Jury Unable to Arrive at Unanimous Verdict in Murder of Francisco Javier Dominguez Rivera.
Tucson, Arizona - After two and half days of deliberation, a Tucson jury was unable to arrive at a verdict as to whether Border Patrol agent Nicholas Corbett was guilty of murder charges.
For those who live in border communities, the mistrial does not bode well for border residents and human rights groups who are calling for greater accountability and oversight of Border Patrol policies and practices.
"We attended every day of the trial. The prosecution's evidence was clear, consistent and compelling. I can't imagine how the jurors could have been deadlocked," states Katie O'Connor of the Border Action Network. "Unlike the defense's testimony which varied from person to person and hinged on non-existing evidence, the three eye-witnesses, forensics and ballistics testimony all pointed to a clear case of murder."
The trial stems from a January 12, 2007 when 22-year old Francisco Javier Dominguez Rivera was shot and killed at close range as he was surrendering by Tucson Sector Border Patrol Agent Nicholas Corbett. For the last two weeks, Corbett has stood trial for second-degree murder, manslaughter, and negligent homicide.
In the attempt to present that Corbett shot in self-defense, Corbett and other agents who arrived at the scene described four different and often inconsistent versions of the incident. "Apparently at least one of the jurors believed the fourth version of Corbett's story - one that had a 5'3" kid take on the biggest agent in town, a 6'4", 250 pound man armed with a gun," concludes O'Connor.
The trial, which has drawn national attention, has particular importance for local border communities who have been calling for changes in Border Patrol policies and practices for several years. Community groups, such as Border Action Network, who have documented abuses by Border Patrol agents claim that while the Corbett case is egregious and tragic, it is not an isolated incident.
"We monitored this trial because of its importance to border communities and immigrant families. We are often in a role of trying to encourage people to cast aside their reluctance to report human rights violations committed by the Border Patrol," explains Jennifer Allen, the Border Action Network's Director. "A mistrial sends the message that justice's "blind eye" doesn't exist for immigrants." She worries that they will have an even more difficult time encouraging community members to stand up for the rights.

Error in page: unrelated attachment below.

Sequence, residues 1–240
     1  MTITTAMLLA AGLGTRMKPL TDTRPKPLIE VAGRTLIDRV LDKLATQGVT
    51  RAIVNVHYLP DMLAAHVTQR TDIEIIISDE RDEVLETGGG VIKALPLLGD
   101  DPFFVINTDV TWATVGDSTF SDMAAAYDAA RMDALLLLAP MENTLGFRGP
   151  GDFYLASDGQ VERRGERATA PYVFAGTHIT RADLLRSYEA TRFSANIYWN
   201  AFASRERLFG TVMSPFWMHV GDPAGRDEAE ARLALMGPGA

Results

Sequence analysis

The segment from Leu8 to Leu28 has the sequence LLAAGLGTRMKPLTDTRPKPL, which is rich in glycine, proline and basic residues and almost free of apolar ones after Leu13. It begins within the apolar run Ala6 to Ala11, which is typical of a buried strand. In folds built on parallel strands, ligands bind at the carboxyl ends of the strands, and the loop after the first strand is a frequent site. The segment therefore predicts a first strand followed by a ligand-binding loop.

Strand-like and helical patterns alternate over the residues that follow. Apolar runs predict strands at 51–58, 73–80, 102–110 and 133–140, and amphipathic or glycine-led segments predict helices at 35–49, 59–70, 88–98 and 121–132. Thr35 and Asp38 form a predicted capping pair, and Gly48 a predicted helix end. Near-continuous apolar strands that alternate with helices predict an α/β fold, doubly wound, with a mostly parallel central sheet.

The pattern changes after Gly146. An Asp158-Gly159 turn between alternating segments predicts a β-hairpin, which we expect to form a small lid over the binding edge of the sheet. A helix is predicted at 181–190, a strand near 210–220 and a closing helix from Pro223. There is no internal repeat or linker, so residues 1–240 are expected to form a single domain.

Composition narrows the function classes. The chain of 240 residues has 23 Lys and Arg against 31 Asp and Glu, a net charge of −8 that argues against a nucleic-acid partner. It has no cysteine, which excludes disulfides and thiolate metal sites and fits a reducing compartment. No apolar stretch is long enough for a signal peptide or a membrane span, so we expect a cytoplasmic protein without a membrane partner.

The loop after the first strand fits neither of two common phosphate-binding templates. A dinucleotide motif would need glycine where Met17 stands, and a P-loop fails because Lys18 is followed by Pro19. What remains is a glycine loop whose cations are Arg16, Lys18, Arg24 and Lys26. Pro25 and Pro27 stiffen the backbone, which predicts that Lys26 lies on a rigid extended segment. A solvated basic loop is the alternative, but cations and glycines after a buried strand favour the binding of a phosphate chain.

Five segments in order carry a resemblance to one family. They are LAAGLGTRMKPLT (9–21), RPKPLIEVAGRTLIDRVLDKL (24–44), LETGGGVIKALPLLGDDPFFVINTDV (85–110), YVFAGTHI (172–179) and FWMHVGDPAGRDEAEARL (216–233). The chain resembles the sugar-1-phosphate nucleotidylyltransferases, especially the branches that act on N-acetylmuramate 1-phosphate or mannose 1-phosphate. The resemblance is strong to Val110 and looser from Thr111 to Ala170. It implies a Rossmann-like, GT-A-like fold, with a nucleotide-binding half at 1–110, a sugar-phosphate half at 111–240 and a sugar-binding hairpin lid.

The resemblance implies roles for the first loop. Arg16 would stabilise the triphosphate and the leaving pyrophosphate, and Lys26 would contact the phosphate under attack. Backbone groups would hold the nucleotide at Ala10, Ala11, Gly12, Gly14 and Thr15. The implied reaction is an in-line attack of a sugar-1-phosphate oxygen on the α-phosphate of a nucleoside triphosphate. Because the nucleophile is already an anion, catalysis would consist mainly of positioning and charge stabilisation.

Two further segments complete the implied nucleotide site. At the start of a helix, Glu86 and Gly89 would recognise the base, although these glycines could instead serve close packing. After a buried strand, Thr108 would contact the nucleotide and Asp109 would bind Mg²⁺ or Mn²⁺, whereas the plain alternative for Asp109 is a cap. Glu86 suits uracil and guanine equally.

The group has used the trial as an opportunity to encourage Border Patrol to improve and increase its training of agents and to call for the formation of an Independent Review Commission. "It is important that Border Patrol agents know that there are consequences for their actions. Impunity is not a democratic value," says Allen. The argues that better training in how to respond to different situations with non-lethal force and ongoing training in constitutional and human rights would prevent future deaths, like that of Javier.
The group hopes that prosecutors will refile the case quickly. "We hope that in a new trial, Agent Corbett's propensity for violence will be revealed and that the Border Patrol will be held accountable for not preventing such egregious acts of violence from happening." While there were elusions to Agent Corbett's history of violence and that he was required to attend an anger management course, it never actually entered into the courtroom discussion.
"Border Patrol agents and the agency must be held accountable for their actions", says Allen. "For Javier's parents and brothers, for those that call the border region home and the many men, women and children who cross the Arizona desert on foot, we can not tolerate treating migrants as disposable people whose death does not warrant punishment."
The trial began with the prosecution quoting the famous line from the Declaration of Independence that all men are created equal and are born with certain inalienable rights. Unfortunately, today's mistrial leaves us still asking whether that statement is true.
This article was published first on 07. Mar 2008 by :: borderaction.org